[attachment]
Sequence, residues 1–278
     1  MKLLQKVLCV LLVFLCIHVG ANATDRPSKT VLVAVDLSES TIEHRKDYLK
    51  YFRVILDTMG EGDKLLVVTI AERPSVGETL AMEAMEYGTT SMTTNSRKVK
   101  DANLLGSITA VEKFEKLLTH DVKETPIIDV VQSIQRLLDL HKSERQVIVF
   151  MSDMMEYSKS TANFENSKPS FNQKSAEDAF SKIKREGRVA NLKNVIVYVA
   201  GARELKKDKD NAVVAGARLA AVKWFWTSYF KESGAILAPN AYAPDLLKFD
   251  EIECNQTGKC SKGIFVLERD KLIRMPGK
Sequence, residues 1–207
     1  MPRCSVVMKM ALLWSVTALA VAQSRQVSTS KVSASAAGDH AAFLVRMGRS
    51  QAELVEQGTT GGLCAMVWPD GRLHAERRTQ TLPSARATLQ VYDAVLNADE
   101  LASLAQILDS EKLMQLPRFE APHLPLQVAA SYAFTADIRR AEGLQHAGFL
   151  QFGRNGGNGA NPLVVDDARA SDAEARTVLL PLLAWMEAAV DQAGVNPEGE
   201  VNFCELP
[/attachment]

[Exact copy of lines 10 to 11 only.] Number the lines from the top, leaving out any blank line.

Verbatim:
    51  QAELVEQGTT GGLCAMVWPD GRLHAERRTQ TLPSARATLQ VYDAVLNADE
   101  LASLAQILDS EKLMQLPRFE APHLPLQVAA SYAFTADIRR AEGLQHAGFL